As the year draws to a close, it’s time to look back at the groundbreaking advances that made news in 2022 and will shape the world for years to come. Here are Big Think’s selections for the top science stories of 2022:
10. For the first time, a human wears augmented reality contacts
In July, the startup Mojo Vision announced that their CEO wore the company’s prototype augmented reality (AR) contact lenses for the first time. Each device is equipped with a display that is 30 times sharper than an iPhone’s and is outfitted with all the technology needed to track a user’s eye movements. Though extremely preliminary, the technology makes real the sci-fi dream of implanted vision that allows the wearer to seamlessly interact with digital images overlaid on perceptual reality.
9. An experiment suggests that consciousness relies on quantum entanglement
By orders of magnitude, the human brain is pound for pound the most powerful computer in the known Universe. Researchers have spent a great deal of energy trying to uncover its operational secrets, which enable creativity, imagination, and consciousness, among other wonders. Recently, a team at Trinity College Dublin conducted a mind-bending experiment that led them to an unconventional conclusion: the brain could be quantum. The researchers correlated subjects’ heartbeat potentials with seemingly unconnected interactions among proton spins in their brains, hinting that quantum entanglement might be at play. Brain activity, and maybe even consciousness, might operate on a quantum level.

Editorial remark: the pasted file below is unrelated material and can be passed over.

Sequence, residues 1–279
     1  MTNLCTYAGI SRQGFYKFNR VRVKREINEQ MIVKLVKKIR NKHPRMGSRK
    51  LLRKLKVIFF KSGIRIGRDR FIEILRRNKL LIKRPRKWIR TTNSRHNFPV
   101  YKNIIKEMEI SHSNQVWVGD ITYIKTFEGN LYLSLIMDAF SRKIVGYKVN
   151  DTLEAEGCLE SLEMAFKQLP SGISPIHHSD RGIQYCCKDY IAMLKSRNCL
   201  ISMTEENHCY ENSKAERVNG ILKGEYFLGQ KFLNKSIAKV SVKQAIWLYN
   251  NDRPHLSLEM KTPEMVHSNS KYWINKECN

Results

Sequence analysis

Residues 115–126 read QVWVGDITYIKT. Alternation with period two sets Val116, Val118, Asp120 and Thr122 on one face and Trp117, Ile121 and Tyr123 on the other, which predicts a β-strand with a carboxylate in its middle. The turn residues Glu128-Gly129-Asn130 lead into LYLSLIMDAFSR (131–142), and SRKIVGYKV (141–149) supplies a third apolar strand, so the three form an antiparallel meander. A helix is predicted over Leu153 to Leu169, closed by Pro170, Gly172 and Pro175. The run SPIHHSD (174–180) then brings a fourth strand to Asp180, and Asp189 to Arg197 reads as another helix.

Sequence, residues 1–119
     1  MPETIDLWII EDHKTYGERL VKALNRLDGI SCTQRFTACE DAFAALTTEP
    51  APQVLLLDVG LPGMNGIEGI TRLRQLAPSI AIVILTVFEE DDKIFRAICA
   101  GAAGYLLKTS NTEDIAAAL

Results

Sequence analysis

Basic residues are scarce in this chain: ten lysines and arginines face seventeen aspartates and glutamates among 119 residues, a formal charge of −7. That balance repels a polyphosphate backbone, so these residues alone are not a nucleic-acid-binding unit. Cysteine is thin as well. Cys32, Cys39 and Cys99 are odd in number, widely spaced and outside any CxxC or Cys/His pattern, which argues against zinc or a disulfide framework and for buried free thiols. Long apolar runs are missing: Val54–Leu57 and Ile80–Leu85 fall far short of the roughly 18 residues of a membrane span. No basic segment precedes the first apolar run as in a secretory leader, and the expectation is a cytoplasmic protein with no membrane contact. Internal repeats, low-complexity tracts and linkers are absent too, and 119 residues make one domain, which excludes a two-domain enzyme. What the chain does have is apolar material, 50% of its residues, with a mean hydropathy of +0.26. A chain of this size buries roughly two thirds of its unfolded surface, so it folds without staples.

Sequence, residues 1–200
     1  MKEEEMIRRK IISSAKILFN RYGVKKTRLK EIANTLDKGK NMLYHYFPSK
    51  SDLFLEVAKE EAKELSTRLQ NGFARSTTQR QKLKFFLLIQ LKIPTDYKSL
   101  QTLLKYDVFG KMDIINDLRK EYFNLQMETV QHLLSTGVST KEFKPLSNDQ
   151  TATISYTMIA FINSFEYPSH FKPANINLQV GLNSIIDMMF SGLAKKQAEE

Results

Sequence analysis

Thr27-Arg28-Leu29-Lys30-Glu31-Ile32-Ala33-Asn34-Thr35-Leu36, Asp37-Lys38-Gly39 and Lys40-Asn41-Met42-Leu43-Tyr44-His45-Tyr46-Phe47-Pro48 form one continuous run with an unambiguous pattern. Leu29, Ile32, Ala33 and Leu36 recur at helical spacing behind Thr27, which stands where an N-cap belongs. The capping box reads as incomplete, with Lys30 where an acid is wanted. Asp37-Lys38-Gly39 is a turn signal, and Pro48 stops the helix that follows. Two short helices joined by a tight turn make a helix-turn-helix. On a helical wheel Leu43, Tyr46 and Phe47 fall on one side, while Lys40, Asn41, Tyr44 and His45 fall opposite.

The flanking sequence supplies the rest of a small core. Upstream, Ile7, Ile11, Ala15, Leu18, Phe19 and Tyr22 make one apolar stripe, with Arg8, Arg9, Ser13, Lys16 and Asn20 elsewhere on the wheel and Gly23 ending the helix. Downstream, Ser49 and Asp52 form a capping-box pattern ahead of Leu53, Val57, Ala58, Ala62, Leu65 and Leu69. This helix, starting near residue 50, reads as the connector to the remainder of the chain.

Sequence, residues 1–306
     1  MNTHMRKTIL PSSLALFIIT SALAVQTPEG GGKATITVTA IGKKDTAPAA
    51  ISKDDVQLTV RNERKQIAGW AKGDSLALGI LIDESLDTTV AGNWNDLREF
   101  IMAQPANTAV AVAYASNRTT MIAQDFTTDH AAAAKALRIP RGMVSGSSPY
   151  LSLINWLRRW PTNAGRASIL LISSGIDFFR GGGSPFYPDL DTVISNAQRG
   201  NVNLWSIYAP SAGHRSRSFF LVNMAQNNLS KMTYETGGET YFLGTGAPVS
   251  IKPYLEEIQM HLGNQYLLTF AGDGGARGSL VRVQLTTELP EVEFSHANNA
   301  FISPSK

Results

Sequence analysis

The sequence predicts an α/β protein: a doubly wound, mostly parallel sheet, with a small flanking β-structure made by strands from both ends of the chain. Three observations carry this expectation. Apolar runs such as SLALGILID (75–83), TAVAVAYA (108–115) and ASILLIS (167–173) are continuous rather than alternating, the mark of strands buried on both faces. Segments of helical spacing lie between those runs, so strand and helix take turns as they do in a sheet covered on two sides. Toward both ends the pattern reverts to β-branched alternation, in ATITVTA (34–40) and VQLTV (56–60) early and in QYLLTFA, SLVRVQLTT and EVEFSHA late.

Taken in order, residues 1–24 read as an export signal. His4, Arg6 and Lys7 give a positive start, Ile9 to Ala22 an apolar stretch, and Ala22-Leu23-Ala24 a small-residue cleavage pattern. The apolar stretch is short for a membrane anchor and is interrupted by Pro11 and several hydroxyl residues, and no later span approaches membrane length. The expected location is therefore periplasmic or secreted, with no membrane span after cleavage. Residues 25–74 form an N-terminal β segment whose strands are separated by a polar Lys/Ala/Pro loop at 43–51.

8. The rings of Saturn may finally be explained
Let’s be honest, Earth is beautiful, but Saturn, with its transcendent rings, is the real “looker” in our Solar System. Amazingly, the sixth planet from the Sun’s signature feature has defied explanation for centuries, until 2022, that is. Astronomers from MIT and UC-Berkeley put forth an explanation that not only accounts for the planet’s rings, but also its numerous unique moons. They suggest that Saturn once had an icy moon, which they dubbed Chrysalis, that was torn apart approximately 160 million years ago by tidal gravitational interactions from Saturn and its moon Titan. Saturn’s rings are the shimmering remains.